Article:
By including food production as one of the nine pillars it has an environmental hue which in my mind, makes it one of the few emerging food systems emerging in any U.S. urban area that is partly predicated on a post-industrial future, rather than its design predicated on strengthening the local economy or being primarily access-driven. (It doesn't mean that other food systems are not environmentally driven, just that my research has uncovered that the development of most other urban food systems were undertaken for other initial reasons than environmental issues. And it's only my theory and one that I am perfectly willing to adapt...)

As great as it is that Cleveland's leaders see food system work as important, the levers for a diverse, resilient, and inclusive food production system are so embedded into each and every system that run our modern society that these city-level efforts provide only for some and only move the dial slightly on systemic issues. Without undertaking a truly regional set of intiatives around food and a stated commitment by all levels of government and business to address the deep divide of resources from neighborhood to neighborhood, many local organizers tell me (in my regular visits to the area) that outcomes in Cleveland have been uneven and mostly measured in terms of business creation or in the number of pilots (which is not unusual but is unfortunate for such an undertaking). Many feel the lack of follow through by the city and the scattershot community-level understanding of food system work hampers the growth of the work.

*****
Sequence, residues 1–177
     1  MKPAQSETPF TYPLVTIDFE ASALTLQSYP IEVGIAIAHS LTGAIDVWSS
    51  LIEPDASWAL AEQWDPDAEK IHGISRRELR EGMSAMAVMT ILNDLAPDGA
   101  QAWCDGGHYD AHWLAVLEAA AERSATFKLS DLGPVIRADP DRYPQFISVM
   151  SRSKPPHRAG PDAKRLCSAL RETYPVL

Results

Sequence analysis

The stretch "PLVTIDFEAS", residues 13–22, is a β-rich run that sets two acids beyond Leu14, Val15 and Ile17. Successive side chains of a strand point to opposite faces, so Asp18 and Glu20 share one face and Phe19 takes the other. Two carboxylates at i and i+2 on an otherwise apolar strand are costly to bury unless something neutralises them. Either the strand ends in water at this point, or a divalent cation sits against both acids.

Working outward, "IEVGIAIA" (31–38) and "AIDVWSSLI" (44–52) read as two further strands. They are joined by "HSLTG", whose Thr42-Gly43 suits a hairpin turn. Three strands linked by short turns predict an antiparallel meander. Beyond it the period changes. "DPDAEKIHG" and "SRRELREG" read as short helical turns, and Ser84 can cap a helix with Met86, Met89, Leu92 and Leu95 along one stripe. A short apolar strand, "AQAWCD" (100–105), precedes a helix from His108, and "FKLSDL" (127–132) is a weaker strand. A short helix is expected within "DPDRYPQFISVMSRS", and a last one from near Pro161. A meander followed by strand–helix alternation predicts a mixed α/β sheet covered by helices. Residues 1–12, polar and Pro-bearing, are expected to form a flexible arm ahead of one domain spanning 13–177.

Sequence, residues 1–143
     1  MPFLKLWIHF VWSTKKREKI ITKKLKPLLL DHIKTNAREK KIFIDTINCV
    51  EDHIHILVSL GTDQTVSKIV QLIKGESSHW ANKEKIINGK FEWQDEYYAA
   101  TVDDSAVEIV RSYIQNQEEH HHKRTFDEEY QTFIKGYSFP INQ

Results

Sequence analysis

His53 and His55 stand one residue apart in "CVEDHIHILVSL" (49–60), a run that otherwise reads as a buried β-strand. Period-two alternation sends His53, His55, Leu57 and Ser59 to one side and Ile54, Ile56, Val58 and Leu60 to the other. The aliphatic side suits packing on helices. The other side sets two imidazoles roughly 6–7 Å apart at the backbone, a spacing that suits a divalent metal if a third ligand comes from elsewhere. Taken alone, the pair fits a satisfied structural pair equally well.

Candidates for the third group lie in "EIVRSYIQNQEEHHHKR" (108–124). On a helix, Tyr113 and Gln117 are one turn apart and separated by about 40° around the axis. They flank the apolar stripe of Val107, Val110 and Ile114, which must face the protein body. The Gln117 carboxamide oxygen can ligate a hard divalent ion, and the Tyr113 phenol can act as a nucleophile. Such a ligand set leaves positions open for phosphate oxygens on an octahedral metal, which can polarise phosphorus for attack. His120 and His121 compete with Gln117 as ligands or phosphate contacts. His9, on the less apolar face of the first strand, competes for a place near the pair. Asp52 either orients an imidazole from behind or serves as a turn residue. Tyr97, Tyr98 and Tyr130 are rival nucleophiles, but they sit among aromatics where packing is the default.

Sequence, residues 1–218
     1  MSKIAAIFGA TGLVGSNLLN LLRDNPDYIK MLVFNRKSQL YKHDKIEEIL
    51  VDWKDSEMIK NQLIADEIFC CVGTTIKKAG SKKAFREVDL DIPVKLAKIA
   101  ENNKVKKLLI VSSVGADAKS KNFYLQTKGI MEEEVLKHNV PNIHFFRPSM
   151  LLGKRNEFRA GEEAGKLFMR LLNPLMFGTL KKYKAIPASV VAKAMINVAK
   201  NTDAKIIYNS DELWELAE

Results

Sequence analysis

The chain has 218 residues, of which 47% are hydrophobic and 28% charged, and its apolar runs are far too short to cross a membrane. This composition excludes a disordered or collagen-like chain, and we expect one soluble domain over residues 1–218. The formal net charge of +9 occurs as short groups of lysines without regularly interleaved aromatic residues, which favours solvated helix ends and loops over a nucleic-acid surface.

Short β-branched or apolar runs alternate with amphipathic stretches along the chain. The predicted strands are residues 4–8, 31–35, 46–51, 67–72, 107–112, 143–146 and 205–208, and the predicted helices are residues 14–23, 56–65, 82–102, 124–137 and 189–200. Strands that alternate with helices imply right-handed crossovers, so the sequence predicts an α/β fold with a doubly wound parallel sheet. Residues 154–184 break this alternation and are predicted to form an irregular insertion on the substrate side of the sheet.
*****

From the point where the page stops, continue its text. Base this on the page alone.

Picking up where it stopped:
(A few years ago, I offered some bullet point ideas as to how the food efforts could be leveraged in the future in a piece I did for online magazine Belt Magazine.)

Even with its scattershot impacts, what is important is that the city government is actively engaged in the conversation around a regional food production, and eager to make successful pilots visible. I know of too many regions where the organizers would be thrilled to have just that opportunity with their city leaders. It feels to me like a good start.

I hope these resources linked here are of use to your work in your community, or if you work in the region, that you will share your successes and failures in terms of your food/sustainability work with us all here.

 

 

other reading:

 

 

"A Race Anthology: Dispatches and Artifacts from a Segregated City" Moulthrop, Washington (2016)

"Democratizing Cleveland; The Rise and Fall of Community Organizing in Cleveland Ohio" Cunningham (2007)

"The Crisis of Growth Politics" Swanstrom (1985)

"To Market, To Market An Old-Fashioned Family Story: The West Side Market" Lewis (1981) 

 

 

 

 

 

 

Dar Wolnik
Author